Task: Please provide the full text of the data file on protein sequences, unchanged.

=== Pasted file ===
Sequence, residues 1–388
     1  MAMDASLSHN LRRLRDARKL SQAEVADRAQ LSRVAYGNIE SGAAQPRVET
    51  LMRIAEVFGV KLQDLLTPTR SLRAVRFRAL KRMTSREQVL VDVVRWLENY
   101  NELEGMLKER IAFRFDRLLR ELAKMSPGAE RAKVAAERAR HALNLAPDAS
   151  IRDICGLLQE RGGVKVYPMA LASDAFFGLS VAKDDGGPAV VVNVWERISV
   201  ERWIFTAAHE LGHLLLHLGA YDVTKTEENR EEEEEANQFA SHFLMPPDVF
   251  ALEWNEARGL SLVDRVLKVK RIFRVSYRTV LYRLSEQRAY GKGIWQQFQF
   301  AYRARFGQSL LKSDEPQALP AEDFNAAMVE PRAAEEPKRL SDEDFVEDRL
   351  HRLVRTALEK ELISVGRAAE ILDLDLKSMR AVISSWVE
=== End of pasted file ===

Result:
Sequence, residues 1–388
     1  MAMDASLSHN LRRLRDARKL SQAEVADRAQ LSRVAYGNIE SGAAQPRVET
    51  LMRIAEVFGV KLQDLLTPTR SLRAVRFRAL KRMTSREQVL VDVVRWLENY
   101  NELEGMLKER IAFRFDRLLR ELAKMSPGAE RAKVAAERAR HALNLAPDAS
   151  IRDICGLLQE RGGVKVYPMA LASDAFFGLS VAKDDGGPAV VVNVWERISV
   201  ERWIFTAAHE LGHLLLHLGA YDVTKTEENR EEEEEANQFA SHFLMPPDVF
   251  ALEWNEARGL SLVDRVLKVK RIFRVSYRTV LYRLSEQRAY GKGIWQQFQF
   301  AYRARFGQSL LKSDEPQALP AEDFNAAMVE PRAAEEPKRL SDEDFVEDRL
   351  HRLVRTALEK ELISVGRAAE ILDLDLKSMR AVISSWVE